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St. Lawrence County will borrow for highway equipment

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CANTON — St. Lawrence County is planning to borrow up to $1 million, in addition to spending about $500,000 already set aside in the 2014 budget, to purchase highway equipment, expenditures neglected in recent years because of financial hardship.

“We don’t even have an equipment budget to buy a chain saw,” said Legislator Donald A. Peck, D-Gouverneur.

The Highway Department has been a go-to place for shaving costs because it is low-hanging fruit, with little of the money spent on equipment reimbursed by state and federal dollars.

“We knew we were decimating that department, but the reality was we needed to balance the budget,” County Administrator Karen M. St. Hilaire said. “It is the place to go because it’s dollar-for-dollar local money.”

Legislators at a committee meeting Monday agreed to spend $450,000 of $600,000 from a capital reserve account for equipment, including plow trucks and loaders.

In addition, legislators agreed to borrow $1 million.

“Without making these purchases, the $300,000 that’s in maintenance for 2014, you can’t meet,” interim Highway Superintendent William E. Dashnaw told legislators. “With these purchases, you’ve got a shot.”

County trucks are constantly in the shop, so replacing some with vehicles that have warranties would go a long way, Mr. Dashnaw said.

The Highway Department’s maintenance budget was cut from $400,000 to $300,000 for 2014 because of expected savings from a vendor management system, said Legislator Frederick S. Morrill, D-DeKalb Junction, who opposed the borrowing.

“I think borrowing money does limit what we do next year in the budget,” Mr. Morrill said. “What we do if we approve this is commit to something we can’t change and cut.”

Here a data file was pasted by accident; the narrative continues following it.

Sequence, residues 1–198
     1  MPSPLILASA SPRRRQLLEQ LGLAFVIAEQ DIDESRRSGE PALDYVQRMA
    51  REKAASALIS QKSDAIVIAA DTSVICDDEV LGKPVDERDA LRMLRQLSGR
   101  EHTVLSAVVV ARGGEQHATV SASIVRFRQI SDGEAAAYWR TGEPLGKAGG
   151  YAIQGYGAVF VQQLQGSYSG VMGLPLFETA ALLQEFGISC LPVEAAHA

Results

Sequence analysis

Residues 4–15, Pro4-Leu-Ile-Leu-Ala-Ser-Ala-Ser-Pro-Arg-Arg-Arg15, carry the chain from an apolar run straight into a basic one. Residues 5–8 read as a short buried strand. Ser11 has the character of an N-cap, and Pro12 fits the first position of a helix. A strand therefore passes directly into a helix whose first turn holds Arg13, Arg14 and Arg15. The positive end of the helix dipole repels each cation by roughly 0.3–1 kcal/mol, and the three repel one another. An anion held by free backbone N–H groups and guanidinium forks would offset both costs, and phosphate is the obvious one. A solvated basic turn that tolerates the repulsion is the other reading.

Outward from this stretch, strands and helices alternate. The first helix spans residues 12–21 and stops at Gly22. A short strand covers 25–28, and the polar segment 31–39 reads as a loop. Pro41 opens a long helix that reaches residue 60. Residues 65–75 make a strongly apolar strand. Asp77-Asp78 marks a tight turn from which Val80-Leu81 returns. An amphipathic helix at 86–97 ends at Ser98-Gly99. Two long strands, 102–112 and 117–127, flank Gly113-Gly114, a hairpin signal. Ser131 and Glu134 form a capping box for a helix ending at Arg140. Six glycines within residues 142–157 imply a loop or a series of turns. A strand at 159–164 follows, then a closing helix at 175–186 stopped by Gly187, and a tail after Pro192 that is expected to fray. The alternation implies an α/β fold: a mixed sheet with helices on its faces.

Mr. Morrill was joined in voting against the loan by Legislators Vernon D. “Sam” Burns, D-Ogdensburg, and Mark H. Akins, R-Lisbon.

Mr. Akins agreed with Mr. Morrill that there was danger to locking in the costs of repaying a debt when the county had pledged to stay under the state’s 2 percent tax cap for the next few years.

But Legislator Joseph R. Lightfoot, R-Ogdensburg, said borrowing the money is a way of doing the right thing.

“I look at it as an opportunity to be forced to do what needs to be done,” he said.

The debt will be taken out as a bond anticipation note and paid back over three years. The interest on the debt will amount to about $26,000.

Before the county’s last few years of financial problems, the Highway Department typically replaced a few pieces of older equipment annually, said Mr. Peck, chairman of the county’s Highway Committee.

“That’s how things should be done on a normal routine, but we’ve got ourselves out of a normal routine,” he said. “We’ve got to purchase some equipment.”

Refusing to make the purchases would doom the next highway superintendent to failure, Mr. Dashnaw said.

Five candidates from a pool of 15 applicants are being interviewed today for the post.

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